Migraine headaches affect more than 30 million Americans and can be more than just a nuisance. For many, migraines are a disabling neurological disorder that can be highly disruptive to a normal lifestyle, forcing people to miss work school, social events, and sometimes forcing them into dark, quiet rooms for hours, if not days.
To date, treatment for migraine headaches involved their prevention (avoiding some common food triggers or stress, for example), and treatment with painkillers, botox, and anti-inflammatory medications. For many, these treatments have been insufficient, and patients’ lifestyles have continued to suffer dramatically.
New Migraine Medication!
I am happy to tell you that two new medications have been recently approved for migraines that attack these vascular headaches from a much more focused direction. Rather than provide patients with less generalized painkilling or anti-inflammatory medications, these new drugs act on “CGRP”, that is “calcitonin gene-related peptide” (or the receptors). This class of medications falls under the “monoclonal antibody therapies” — a different approach from current therapies.
Calcitonin gene-related peptide is a protein that is released around the brain. When CGRP is released, it causes intense inflammation in the coverings of the brain (the meninges). For most migraine patients, CGRP causes the pain of a migraine attack. In fact, if you give CGRP intravenously to a person prone to developing migraines, most of them will get a migraine within four hours. That’s the basis of all the new treatments.
Once it was determined that CGRP caused a migraine, it became clear that if we could do something to stop CGRP, we could probably stop a migraine. Four companies decided to create antibodies against CGRP and against the receptor to which CGRP binds.
AimovigTM (erenumab) is a monoclonal antibody against the CGRP receptor. The additional new medications are monoclonal antibodies against the CGRP protein and include galcanezumab (EmgalityTM) and fremanezumab-vfrm (AJOVYTM).
What Makes These Medications Different?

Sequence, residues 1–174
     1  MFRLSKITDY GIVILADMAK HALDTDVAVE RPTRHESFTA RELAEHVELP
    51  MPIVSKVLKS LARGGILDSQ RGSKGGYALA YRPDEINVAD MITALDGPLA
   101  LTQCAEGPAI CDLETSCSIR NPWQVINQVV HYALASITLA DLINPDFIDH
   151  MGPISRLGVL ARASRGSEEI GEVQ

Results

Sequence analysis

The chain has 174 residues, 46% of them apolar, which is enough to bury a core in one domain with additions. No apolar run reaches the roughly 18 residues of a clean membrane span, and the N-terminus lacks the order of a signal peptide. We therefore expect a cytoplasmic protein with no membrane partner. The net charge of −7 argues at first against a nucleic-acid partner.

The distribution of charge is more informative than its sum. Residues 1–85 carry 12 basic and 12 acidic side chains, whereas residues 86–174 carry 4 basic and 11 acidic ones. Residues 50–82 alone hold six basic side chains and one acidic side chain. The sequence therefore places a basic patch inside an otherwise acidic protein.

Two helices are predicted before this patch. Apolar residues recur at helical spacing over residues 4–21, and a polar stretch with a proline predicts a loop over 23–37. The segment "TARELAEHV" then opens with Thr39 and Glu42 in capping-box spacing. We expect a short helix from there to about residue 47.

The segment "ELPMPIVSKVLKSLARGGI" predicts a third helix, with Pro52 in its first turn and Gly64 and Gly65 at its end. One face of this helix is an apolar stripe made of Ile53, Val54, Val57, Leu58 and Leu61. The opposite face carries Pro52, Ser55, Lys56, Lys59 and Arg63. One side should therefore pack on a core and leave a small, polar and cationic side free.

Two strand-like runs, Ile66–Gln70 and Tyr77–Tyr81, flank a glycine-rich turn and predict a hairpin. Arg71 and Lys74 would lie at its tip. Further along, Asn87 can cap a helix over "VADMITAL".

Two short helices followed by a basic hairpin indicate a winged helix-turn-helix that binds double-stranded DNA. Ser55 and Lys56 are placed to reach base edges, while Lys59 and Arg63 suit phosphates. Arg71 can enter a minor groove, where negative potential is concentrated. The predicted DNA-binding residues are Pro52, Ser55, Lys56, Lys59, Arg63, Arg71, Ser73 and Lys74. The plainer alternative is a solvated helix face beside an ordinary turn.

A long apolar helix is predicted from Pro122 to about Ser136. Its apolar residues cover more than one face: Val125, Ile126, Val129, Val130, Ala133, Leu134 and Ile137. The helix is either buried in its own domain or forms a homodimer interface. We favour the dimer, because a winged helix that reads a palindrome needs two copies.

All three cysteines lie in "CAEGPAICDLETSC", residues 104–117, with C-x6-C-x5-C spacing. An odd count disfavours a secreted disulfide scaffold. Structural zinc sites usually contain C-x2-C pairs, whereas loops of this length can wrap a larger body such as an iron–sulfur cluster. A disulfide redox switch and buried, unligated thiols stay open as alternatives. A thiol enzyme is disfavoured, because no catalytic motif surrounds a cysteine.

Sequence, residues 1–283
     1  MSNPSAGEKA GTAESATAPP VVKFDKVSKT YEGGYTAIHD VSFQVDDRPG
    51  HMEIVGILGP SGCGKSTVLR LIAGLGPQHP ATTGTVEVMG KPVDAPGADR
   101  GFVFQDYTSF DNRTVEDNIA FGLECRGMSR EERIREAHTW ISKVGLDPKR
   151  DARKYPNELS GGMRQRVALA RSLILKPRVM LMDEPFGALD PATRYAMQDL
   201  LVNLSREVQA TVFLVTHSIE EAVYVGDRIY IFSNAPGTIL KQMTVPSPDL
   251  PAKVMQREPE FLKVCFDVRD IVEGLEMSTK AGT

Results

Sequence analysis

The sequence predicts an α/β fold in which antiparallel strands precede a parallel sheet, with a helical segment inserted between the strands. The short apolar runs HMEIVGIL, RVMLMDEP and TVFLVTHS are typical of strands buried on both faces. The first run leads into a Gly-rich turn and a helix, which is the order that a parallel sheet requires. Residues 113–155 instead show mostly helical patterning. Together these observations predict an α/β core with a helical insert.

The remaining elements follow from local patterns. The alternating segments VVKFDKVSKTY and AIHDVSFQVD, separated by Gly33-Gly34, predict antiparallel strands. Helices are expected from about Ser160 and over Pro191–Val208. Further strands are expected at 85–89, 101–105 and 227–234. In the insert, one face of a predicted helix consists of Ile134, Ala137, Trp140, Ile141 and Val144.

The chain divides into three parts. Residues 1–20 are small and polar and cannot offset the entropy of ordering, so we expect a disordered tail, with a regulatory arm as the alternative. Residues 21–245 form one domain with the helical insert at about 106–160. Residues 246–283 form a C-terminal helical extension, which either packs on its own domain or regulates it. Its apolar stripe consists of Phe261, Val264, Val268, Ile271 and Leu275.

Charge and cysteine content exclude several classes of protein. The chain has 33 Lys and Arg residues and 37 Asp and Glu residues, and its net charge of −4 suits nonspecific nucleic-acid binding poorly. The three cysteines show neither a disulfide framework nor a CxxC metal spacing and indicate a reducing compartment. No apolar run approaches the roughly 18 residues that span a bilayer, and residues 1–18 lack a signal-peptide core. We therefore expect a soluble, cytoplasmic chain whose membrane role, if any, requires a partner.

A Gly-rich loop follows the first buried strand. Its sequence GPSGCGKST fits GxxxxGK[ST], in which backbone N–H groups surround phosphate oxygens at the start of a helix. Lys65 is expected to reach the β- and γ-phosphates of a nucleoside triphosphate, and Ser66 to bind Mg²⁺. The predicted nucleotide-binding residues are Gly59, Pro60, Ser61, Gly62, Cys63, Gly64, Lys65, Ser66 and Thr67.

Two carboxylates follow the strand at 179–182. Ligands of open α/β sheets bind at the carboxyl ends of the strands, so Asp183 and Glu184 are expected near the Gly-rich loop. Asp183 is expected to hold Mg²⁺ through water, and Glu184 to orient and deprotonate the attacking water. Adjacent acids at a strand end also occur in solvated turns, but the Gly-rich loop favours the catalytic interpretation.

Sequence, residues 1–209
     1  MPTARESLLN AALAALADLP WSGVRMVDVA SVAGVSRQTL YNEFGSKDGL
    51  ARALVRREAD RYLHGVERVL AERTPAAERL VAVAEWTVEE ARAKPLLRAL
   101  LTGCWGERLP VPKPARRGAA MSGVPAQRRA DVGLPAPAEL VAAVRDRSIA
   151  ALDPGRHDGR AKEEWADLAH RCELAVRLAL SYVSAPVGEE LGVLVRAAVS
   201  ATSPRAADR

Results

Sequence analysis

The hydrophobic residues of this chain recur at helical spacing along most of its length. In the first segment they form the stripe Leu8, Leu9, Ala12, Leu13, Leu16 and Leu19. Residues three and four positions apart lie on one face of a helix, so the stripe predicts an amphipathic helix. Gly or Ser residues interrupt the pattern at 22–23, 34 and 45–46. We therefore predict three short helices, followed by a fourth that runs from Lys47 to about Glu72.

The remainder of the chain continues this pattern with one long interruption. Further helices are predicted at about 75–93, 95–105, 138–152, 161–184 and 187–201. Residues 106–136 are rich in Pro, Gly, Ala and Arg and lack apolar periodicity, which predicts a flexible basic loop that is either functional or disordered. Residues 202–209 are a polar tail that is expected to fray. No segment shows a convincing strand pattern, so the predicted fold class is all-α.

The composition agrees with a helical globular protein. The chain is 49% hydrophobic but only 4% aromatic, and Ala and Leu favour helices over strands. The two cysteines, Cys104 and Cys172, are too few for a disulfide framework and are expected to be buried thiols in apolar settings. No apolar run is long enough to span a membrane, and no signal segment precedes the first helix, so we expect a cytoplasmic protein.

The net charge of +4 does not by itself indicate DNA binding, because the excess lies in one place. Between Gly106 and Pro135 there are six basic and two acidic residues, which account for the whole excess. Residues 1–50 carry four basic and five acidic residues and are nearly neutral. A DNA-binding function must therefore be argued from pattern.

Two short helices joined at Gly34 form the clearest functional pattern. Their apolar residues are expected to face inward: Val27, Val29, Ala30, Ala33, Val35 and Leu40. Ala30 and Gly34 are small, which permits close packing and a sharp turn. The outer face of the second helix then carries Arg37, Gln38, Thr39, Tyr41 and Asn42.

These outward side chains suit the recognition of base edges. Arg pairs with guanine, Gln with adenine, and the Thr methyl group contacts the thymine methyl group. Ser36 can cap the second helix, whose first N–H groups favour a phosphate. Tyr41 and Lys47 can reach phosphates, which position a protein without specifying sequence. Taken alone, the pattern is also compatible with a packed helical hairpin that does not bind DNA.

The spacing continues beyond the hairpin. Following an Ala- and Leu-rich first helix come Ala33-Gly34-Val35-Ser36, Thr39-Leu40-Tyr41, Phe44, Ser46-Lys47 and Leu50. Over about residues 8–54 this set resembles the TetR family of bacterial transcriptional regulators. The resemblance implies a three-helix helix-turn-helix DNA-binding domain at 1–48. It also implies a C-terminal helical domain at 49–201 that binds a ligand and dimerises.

CGRP inhibitors are the first drugs specifically approved for migraine prevention in more than 50 years, truly making this a golden era of headache medicine. People living with a migraine can now access three different therapies designed specifically for their disease, with more options and new possibilities for treatment on the horizon.
Great news for migraine sufferers, I like to think more broadly about those of us who deal with inflammatory vascular problems that may or may not include migraine headaches. Could drugs such as these be helpful? We must all keep our thinking caps on!
One other mention I have concerning migraine sufferers who get some relief with Botox injections in the neck. We see many people who are diagnosed with migraines with light sensitivity, sound sensitivity, and nausea — with extreme neck tightness and pain. Although Botox can help some, if a headache is actually due to abnormal intracranial pressure, the underlying problem persists after treatment. The neck feels better, but everything else remains!
It can be tough to pick apart the difference between a true migraine headache and a headache that mimics a migraine! But to provide the best care for the patient, it is worth the effort!
My kids and I were three of these, after all.
Dr. Diana Driscoll is now working full time at POTS Care. A recovered POTS/EDS patient, and mom of children who have now also recovered, she has been instrumental in finding the underlying medical conditions responsible for this and other potentially disabling “invisible” illnesses.
More information into my journey with POTS, chronic neck pain and headaches, EDS, and all it entailed can be found in “The Driscoll Theory”.
POTS Care is the only clinic treating POTS by locating and treating the underlying medical cause of POTS — not just the symptoms.
We are located in Colleyville, Texas — near Dallas/Fort Worth International Airport.
Call us today at 1-866-DIZZY-05 (1-866-349-9905)
American Migraine Foundation (2018, September 15). FDA Approves Second Anti-CGRP Treatment for Migraine. Retrieved from https://americanmigrainefoundation.org/understanding-migraine/fda-approves-second-anti-cgrp-treatment-for-migraine
Office of the Commissioner. (2018, May 17). Press Announcements – FDA approves novel preventive treatment for migraine. Retrieved November 8, 2018, from https://www.fda.gov/newsevents/newsroom/pressannouncements/ucm608120.htm
Prado, B. M., & Russo, A. F. (2006). CGRP receptor antagonists: A new frontier of anti-migraine medications. Drug Discovery Today: Therapeutic Strategies, 3(4), 593-597. doi:10.1016/j.ddstr.2006.11.003